otavirus (RV) is the major cause of severe gastroenteritis in young children. A virus-encoded enterotoxin, NSP4 is proposed to play a major role in causing RV diarrhoea but how RV can induce emesis, a hallmark of the illness, remains unresolved. In this study we have addressed the hypothesis that RV-induced secretion of serotonin (5-hydroxytryptamine, 5-HT) by enterochromaffin (EC) cells plays a key role in the emetic reflex during RV infection resulting in activation of vagal afferent nerves connected to nucleus of the solitary tract (NTS) and area postrema in the brain stem, structures associated with nausea and vomiting. Our experiments revealed that RV can infect and replicate in human EC tumor cells ex vivo and in vitro and are localized to both EC cells and infected enterocytes in the close vicinity of EC cells in the jejunum of infected mice. Purified NSP4, but not purified virus particles, evoked release of 5-HT within 60 minutes and increased the intracellular Ca(2+) concentration in a human midgut carcinoid EC cell line (GOT1) and ex vivo in human primary carcinoid EC cells concomitant with the release of 5-HT. Furthermore, NSP4 stimulated a modest production of inositol 1,4,5-triphosphate (IP(3)), but not of cAMP. RV infection in mice induced Fos expression in the NTS, as seen in animals which vomit after administration of chemotherapeutic drugs. The demonstration that RV can stimulate EC cells leads us to propose that RV disease includes participation of 5-HT, EC cells, the enteric nervous system and activation of vagal afferent nerves to brain structures associated with nausea and vomiting. This hypothesis is supported by treating vomiting in children with acute gastroenteritis with 5-HT(3) receptor antagonists.

Place, publisher, year, edition, pages
Public Library of Science (PLoS), 2011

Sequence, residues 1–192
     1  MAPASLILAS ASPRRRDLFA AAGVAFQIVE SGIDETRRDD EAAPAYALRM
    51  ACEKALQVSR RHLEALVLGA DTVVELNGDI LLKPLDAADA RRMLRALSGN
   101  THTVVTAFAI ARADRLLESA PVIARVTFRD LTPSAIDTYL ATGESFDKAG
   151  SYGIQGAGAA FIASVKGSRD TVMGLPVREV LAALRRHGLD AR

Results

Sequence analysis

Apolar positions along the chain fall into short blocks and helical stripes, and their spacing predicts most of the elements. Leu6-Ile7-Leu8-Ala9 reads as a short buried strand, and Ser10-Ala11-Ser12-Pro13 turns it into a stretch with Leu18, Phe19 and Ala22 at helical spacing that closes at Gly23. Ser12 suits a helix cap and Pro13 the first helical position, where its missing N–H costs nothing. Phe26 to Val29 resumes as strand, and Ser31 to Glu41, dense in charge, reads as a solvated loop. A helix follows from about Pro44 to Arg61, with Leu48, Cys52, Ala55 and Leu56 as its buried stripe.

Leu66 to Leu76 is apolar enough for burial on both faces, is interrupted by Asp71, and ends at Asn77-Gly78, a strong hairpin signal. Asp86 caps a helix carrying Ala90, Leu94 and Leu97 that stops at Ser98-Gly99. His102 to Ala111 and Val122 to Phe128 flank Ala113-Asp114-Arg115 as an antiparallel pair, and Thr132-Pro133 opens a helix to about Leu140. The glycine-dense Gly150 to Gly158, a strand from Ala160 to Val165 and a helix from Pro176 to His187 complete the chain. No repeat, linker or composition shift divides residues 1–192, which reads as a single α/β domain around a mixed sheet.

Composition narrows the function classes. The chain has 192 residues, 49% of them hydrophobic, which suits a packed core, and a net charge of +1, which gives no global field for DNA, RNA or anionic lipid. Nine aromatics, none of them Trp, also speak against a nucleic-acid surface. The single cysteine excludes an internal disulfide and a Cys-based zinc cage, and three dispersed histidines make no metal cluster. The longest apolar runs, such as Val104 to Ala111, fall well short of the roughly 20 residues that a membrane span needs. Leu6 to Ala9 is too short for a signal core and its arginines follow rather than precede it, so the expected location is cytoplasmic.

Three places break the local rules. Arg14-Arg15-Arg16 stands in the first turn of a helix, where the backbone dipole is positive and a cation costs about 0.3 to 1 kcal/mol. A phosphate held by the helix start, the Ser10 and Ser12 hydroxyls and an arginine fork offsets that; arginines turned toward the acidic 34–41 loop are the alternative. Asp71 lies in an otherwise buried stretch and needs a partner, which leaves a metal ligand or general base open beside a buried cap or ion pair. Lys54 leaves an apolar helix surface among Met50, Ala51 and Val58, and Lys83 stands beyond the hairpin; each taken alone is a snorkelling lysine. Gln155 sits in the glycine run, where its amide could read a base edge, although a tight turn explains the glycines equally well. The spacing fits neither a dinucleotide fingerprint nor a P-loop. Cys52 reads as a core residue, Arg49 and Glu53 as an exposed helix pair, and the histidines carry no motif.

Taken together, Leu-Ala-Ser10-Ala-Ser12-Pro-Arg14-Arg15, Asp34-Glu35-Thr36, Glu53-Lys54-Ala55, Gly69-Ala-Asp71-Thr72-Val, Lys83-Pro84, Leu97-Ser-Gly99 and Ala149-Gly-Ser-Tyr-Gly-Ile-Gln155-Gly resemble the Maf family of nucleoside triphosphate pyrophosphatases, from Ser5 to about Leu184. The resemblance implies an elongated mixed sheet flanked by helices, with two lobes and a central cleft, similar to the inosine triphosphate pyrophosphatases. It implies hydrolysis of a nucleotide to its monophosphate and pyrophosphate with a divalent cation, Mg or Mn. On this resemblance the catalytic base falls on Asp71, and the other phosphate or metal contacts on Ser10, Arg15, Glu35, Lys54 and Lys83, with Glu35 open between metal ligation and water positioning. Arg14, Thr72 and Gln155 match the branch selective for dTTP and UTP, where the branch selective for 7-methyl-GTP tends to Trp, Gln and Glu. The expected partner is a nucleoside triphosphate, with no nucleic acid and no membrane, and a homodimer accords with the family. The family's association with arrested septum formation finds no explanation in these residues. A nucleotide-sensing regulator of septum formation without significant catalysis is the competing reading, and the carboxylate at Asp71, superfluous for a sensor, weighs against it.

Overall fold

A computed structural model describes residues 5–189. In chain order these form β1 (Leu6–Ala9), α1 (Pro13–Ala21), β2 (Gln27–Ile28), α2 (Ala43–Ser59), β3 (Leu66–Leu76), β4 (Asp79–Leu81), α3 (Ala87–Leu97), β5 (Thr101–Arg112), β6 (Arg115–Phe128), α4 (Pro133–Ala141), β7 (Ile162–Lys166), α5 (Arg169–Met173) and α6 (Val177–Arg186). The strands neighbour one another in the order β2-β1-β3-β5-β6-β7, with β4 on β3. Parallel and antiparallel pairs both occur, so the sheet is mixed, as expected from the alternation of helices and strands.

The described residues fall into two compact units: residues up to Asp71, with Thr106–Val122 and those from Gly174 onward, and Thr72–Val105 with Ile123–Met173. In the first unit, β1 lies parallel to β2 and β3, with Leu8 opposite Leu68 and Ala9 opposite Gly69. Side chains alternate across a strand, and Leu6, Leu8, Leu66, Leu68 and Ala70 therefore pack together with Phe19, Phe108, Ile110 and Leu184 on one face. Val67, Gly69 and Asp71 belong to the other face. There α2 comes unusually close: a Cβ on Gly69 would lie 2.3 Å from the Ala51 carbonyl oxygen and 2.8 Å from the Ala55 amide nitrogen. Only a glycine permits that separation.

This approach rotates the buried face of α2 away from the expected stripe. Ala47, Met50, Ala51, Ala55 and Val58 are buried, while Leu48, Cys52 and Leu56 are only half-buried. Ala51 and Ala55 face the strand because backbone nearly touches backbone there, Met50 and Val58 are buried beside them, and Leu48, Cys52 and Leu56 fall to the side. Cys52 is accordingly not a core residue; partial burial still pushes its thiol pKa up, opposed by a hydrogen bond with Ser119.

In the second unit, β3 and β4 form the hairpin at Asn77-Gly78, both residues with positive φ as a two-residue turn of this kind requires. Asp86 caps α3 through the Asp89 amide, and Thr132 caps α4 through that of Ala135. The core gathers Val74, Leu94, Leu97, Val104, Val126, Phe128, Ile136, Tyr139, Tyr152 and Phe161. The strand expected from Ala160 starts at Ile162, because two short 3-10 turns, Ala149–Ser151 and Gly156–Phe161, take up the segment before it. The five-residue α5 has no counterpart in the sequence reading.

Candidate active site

National Category
Medical and Health Sciences
Identifiers
urn:nbn:se:liu:diva-69989 (URN)10.1371/journal.ppat.1002115 (DOI)000293339300012 ()
Note
Original Publication: Marie Hagbom, Claudia Istrate, David Engblom, Thommie Karlsson, Jesus Rodriguez-Diaz, Javier Buesa, John A Taylor, Vesa Loitto, Karl-Eric Magnusson, Hakan Ahlman, Ove Lundgren and Lennart Svensson, Rotavirus Stimulates Release of Serotonin (5-HT) from Human Enterochromaffin Cells and Activates Brain Structures Involved in Nausea and Vomiting, 2011, PLOS PATHOGENS, (7), 7, . http://dx.doi.org/10.1371/journal.ppat.1002115 Licensee: Public Library of Science (PLoS) http://www.plos.org/Available from: 2011-08-12 Created: 2011-08-12 Last updated: 2015-05-13
2. Rotavirus Infection Increases Intestinal Motility but Not Permeability at the Onset of Diarrhea
Open this publication in new window or tab >>Rotavirus Infection Increases Intestinal Motility but Not Permeability at the Onset of Diarrhea
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2014 (English)In: Journal of Virology, ISSN 0022-538X, E-ISSN 1098-5514, Vol. 88, no 6, 3161-3169 p.Article in journal (Refereed) Published
Abstract [en]

The disease mechanisms associated with onset and secondary effects of rotavirus (RV) diarrhea remain to be determined and may not be identical. In this study, we investigated whether onset of RV diarrhea is associated with increased intestinal permeability and/or motility. To study the transit time, fluorescent fluorescein isothiocyanate (FITC)-dextran was given to RV-infected adult and infant mice. Intestinal motility was also studied with an opioid receptor agonist (loperamide) and a muscarinic receptor antagonist (atropine). To investigate whether RV increases permeability at the onset of diarrhea, fluorescent 4- and 10-kDa dextran doses were given to infected and noninfected mice, and fluorescence intensity was measured subsequently in serum. RV increased transit time in infant mice. Increased motility was detected at 24 h postinfection (h p.i.) and persisted up to 72 h p.i in pups. Both loperamide and atropine decreased intestinal motility and attenuated diarrhea. Analysis of passage of fluorescent dextran from the intestine into serum indicated unaffected intestinal permeability at the onset of diarrhea (24 to 48 h p.i.). We show that RV-induced diarrhea is associated with increased intestinal motility via an activation of the myenteric nerve plexus, which in turn stimulates muscarinic receptors on intestinal smooth muscles.

Place, publisher, year, edition, pages
American Society for Microbiology, 2014
National Category
Medical and Health Sciences
Identifiers